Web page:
Feeding a family with different dietary requirements

Family at kitchen table

Preparing a meal that the whole family likes can be hard at the best of times. Throw in fussy eaters and different dietary requirements and it is no wonder that navigating the mealtime maze can often feel like a daily battle. But it doesn't always have to be that way. Mumsnet users share their tried-and-tested methods for meal ideas that can be prepared without spending too much extra time, money or effort

Plan with a positive mindset

Meal planner

“I find planning meals so much easier since I changed my focus from what each person can't eat, to what we can all eat. It's a very subtle switch but has made planning so much easier.”

Broaden their dietary horizons

Three generations eating together

“After doing 'Veganuary' this year, we felt and looked healthier, so we decided to do a vegan day and a vegetarian day every week, involving the children. We love roasted vegetables and have found a new love for pure vegan products. We have had no real hiccups and as for price, we found no real difference. Health-wise, my and DS2's eczema has significantly improved.”

Make it easy for yourself

Cooking with a child

“I have my own dietary limitations and two children with their own different needs also. I combine homemade and convenience foods and batch-cook as much as possible, to make the cooking load lighter.”

Beware the trigger foods

Family eating together

“We look after our grandsons while their parents work, one is intolerant to dairy, soya and eggs, the other is a very fussy eater. We bake our own bread as so much store-bought has soya in it.”

Leave room for creativity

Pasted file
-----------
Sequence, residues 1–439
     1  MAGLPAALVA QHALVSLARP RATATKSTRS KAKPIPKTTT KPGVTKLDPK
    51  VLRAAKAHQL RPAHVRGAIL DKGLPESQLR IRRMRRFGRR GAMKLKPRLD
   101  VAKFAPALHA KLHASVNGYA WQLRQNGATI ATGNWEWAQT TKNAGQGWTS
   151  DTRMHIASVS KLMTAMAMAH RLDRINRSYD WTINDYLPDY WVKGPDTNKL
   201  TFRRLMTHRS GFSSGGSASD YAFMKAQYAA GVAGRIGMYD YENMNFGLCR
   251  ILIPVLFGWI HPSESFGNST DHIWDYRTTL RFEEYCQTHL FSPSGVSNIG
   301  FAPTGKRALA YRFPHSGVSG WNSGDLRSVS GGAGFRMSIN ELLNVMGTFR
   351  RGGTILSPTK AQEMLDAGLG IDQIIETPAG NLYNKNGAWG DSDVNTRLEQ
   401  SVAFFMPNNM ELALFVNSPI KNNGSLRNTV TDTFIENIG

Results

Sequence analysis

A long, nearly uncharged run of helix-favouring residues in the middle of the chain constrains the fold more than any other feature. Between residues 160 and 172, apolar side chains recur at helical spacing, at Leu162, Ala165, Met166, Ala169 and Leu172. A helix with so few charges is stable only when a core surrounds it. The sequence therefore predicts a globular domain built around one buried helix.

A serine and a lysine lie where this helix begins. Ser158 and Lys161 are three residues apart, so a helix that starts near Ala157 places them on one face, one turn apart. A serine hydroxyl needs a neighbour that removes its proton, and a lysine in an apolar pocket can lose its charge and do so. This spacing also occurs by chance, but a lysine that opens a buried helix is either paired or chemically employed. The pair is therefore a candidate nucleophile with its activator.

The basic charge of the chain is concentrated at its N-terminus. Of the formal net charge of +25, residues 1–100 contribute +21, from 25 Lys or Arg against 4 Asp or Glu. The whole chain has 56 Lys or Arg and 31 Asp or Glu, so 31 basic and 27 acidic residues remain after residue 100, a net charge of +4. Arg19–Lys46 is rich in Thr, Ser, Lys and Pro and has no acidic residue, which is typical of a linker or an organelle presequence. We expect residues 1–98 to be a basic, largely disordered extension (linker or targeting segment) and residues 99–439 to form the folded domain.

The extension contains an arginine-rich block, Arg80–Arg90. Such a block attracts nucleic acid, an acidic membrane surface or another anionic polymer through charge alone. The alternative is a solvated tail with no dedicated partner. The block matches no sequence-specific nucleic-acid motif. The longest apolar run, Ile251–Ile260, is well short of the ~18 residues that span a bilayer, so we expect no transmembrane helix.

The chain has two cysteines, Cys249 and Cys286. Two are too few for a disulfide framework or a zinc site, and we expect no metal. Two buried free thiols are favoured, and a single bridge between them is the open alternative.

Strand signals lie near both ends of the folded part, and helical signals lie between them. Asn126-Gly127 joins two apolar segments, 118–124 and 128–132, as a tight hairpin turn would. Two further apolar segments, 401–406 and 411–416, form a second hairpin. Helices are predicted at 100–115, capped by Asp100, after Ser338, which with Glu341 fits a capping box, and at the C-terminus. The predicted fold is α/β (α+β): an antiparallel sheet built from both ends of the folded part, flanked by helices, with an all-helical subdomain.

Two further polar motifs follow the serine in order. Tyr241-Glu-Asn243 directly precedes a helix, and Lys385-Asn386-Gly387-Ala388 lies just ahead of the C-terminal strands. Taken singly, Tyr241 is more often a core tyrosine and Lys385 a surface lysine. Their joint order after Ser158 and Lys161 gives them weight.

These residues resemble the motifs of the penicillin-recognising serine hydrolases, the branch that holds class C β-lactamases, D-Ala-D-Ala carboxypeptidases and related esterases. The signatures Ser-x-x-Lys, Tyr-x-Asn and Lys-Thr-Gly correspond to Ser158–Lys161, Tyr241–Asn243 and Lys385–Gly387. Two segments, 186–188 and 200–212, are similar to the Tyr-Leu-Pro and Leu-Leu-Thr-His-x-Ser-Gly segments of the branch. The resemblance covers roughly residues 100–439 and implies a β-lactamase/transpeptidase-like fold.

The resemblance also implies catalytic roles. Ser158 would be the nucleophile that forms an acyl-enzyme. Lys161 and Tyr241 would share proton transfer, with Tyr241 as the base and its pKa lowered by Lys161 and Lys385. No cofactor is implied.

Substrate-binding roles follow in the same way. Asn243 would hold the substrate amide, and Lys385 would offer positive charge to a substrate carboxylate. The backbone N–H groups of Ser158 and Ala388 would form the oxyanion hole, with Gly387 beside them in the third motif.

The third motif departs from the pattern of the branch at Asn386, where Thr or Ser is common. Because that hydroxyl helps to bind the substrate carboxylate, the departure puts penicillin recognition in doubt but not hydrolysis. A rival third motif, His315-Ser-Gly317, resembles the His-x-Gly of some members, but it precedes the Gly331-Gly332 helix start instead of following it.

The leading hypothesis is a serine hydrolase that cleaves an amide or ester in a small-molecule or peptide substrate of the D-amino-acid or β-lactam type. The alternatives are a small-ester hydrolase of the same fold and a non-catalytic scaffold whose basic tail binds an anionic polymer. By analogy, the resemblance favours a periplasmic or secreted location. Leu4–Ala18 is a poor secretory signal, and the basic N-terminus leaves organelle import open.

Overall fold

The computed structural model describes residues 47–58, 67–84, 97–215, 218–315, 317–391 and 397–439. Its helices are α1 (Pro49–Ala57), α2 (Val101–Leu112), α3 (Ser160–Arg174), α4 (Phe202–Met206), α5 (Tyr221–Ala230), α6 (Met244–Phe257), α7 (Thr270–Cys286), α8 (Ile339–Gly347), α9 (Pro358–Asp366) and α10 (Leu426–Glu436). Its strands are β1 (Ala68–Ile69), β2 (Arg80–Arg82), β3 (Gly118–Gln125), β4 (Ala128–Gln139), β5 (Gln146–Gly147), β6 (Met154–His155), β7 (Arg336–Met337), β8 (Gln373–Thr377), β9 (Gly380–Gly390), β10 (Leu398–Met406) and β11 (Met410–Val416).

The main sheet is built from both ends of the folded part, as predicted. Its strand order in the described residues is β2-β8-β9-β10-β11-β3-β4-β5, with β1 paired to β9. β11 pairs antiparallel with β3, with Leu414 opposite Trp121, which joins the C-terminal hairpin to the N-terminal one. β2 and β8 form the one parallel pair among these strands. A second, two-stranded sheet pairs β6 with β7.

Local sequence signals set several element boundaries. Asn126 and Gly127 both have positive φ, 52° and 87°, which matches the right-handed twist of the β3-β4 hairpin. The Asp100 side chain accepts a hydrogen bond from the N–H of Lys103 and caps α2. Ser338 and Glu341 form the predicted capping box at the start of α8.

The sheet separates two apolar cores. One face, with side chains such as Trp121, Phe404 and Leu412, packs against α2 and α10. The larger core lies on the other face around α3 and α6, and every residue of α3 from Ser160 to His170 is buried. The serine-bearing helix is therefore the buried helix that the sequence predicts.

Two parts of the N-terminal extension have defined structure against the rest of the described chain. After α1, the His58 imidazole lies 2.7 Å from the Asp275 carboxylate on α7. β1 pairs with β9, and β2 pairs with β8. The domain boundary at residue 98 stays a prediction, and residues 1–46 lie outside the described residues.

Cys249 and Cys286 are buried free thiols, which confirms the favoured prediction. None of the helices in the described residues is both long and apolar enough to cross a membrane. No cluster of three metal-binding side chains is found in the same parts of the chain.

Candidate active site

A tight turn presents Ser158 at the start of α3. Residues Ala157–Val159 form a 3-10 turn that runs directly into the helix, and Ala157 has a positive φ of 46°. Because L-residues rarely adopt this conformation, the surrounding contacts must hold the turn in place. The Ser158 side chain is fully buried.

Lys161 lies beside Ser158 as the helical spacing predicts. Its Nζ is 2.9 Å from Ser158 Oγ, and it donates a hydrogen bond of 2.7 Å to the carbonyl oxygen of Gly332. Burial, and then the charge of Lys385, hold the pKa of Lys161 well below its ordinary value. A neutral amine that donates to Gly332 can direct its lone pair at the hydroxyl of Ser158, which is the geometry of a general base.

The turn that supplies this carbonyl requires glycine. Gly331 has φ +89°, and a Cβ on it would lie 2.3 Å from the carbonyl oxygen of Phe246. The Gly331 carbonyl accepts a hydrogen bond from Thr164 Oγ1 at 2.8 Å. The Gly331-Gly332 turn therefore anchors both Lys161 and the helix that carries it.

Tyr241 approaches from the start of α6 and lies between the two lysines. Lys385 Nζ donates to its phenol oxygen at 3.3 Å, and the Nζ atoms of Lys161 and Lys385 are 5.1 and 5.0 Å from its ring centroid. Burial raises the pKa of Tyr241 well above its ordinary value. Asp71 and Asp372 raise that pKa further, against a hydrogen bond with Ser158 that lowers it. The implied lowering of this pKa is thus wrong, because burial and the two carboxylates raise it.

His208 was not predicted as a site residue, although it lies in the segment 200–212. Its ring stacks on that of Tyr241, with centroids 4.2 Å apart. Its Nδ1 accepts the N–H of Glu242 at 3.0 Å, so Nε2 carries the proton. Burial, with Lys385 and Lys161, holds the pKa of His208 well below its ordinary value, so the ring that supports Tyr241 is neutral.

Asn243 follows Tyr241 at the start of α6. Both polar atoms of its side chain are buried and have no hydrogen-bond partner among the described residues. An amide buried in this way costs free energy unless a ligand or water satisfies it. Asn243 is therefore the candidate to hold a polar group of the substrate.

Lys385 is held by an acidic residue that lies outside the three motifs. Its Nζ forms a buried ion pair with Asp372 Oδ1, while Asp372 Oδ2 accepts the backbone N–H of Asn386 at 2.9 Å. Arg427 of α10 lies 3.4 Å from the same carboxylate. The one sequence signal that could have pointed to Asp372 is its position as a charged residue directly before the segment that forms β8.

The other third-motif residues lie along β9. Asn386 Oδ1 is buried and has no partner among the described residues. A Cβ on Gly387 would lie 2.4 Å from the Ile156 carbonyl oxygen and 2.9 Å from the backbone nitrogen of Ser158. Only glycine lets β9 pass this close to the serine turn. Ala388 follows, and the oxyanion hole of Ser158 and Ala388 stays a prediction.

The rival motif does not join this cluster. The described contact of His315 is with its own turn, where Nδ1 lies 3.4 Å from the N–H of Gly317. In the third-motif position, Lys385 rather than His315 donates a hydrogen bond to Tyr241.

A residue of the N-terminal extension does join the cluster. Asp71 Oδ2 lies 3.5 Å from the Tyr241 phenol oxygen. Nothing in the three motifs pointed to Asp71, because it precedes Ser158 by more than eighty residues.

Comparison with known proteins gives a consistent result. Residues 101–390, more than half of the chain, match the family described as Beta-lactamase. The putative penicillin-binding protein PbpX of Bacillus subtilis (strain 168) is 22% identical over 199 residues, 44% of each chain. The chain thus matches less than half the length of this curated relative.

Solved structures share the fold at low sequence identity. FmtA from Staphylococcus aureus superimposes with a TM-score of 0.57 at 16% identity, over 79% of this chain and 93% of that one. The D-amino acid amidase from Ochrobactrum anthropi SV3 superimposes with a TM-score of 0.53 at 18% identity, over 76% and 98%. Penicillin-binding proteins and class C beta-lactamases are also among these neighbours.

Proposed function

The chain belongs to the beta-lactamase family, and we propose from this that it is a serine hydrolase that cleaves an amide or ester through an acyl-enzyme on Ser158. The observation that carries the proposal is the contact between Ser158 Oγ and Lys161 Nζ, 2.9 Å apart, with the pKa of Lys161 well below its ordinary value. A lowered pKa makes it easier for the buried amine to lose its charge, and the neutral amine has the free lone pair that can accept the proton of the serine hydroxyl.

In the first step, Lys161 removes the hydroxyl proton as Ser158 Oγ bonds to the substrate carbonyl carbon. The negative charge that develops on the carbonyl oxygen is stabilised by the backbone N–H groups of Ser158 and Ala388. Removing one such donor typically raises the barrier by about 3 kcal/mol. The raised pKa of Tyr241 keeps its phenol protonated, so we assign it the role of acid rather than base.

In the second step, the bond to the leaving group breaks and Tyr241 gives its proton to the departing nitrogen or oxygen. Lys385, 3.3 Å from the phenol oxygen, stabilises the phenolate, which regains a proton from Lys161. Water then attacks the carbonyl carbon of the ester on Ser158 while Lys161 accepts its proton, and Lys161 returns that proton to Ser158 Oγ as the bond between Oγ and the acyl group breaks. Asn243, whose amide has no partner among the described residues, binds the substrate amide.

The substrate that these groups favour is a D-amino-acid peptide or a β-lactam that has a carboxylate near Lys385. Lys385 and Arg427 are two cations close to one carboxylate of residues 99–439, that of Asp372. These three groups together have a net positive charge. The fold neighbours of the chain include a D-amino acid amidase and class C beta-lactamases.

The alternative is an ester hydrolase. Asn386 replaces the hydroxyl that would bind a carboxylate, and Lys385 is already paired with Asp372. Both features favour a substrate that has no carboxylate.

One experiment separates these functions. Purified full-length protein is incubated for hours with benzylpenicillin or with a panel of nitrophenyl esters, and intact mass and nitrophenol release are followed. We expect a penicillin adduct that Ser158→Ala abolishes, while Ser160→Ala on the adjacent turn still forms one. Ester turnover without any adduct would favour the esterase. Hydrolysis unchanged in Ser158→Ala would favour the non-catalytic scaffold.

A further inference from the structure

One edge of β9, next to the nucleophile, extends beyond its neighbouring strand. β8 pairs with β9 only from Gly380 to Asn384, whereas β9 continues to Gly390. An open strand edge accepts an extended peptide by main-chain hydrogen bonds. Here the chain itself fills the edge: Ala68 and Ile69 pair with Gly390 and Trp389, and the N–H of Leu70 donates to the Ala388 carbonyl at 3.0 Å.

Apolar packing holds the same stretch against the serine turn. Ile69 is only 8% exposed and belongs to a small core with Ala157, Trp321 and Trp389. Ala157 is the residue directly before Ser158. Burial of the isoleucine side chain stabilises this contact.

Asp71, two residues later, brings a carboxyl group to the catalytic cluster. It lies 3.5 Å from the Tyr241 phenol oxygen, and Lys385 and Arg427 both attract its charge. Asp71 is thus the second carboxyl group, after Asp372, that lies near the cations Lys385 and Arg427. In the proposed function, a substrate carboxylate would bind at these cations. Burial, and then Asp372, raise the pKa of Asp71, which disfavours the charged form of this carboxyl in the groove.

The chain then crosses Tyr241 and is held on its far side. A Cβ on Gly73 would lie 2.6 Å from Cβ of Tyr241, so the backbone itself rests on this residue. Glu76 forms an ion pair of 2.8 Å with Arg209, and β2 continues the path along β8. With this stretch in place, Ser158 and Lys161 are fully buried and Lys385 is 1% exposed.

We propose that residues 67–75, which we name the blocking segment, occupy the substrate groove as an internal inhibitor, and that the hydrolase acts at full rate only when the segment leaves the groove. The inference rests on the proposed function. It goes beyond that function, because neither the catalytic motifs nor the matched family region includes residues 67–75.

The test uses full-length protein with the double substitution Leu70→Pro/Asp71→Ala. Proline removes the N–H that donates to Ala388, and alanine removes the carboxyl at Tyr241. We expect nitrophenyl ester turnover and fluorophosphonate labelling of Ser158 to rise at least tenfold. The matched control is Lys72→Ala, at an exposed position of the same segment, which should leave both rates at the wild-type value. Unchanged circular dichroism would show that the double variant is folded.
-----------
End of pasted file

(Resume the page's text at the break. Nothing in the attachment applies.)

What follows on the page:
Sharing food

“I make the same basic meal that everyone can eat and then there are things that can be added to it for those that want it. We also have a lot of meals as 'serve yourself'. Everyone makes themselves a meal out of the things they can eat; the only real rule is that they need to take at least one portion of veg.”

Stay in the know

A table of vegetarian food

“My daughters both have multiple allergies so I usually use Facebook message boards and apps to hear about new products or good vegan cafés.”

Organisation is key

Jars on kitchen counter

“We keep everything that we can (pasta, rice, dried pulses etc) in Kilner jars to minimise the risk of cross-contamination and so that we can see what's what at a glance. We also have separate freezer drawers for gluten-free and non-gluten-free foods to make it easier to keep track of what we have.”

Work around a staple

Young boys at the dinner table

“I find basing the main meal around salad, potato, rice or spaghetti is the way to go. It is easy then to add fish or pulses or meat. I have one veggie in the family so no real issues. Everyone eats lots of fruit and breakfast is porridge in winter and toast with spread in the summer. Heart health is my main concern for the family.”

Get fancy with meal times

Mum preparing food

“I do have to cook separate meals for different family members as we have all have dietary restrictions and sensory issues and there are very few things that everyone can or will eat. I find the easiest thing is to have a theme and with a few minor alterations, we can all have a meal together.”